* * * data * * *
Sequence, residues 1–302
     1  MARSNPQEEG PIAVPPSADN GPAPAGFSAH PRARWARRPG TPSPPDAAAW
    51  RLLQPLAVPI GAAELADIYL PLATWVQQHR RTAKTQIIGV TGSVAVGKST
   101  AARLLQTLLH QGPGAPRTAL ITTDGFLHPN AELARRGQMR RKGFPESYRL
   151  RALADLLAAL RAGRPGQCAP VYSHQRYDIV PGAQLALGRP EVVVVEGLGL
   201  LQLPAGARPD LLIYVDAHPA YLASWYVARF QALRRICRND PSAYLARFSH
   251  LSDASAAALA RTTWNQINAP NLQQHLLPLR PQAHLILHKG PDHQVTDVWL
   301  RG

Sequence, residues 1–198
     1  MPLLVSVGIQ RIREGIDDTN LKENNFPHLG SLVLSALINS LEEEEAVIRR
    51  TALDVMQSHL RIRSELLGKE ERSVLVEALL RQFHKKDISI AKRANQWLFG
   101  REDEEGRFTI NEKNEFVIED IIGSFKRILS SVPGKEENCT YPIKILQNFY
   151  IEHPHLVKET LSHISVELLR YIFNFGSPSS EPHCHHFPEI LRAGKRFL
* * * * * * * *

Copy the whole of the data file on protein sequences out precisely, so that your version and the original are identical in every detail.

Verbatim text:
Sequence, residues 1–302
     1  MARSNPQEEG PIAVPPSADN GPAPAGFSAH PRARWARRPG TPSPPDAAAW
    51  RLLQPLAVPI GAAELADIYL PLATWVQQHR RTAKTQIIGV TGSVAVGKST
   101  AARLLQTLLH QGPGAPRTAL ITTDGFLHPN AELARRGQMR RKGFPESYRL
   151  RALADLLAAL RAGRPGQCAP VYSHQRYDIV PGAQLALGRP EVVVVEGLGL
   201  LQLPAGARPD LLIYVDAHPA YLASWYVARF QALRRICRND PSAYLARFSH
   251  LSDASAAALA RTTWNQINAP NLQQHLLPLR PQAHLILHKG PDHQVTDVWL
   301  RG

Sequence, residues 1–198
     1  MPLLVSVGIQ RIREGIDDTN LKENNFPHLG SLVLSALINS LEEEEAVIRR
    51  TALDVMQSHL RIRSELLGKE ERSVLVEALL RQFHKKDISI AKRANQWLFG
   101  REDEEGRFTI NEKNEFVIED IIGSFKRILS SVPGKEENCT YPIKILQNFY
   151  IEHPHLVKET LSHISVELLR YIFNFGSPSS EPHCHHFPEI LRAGKRFL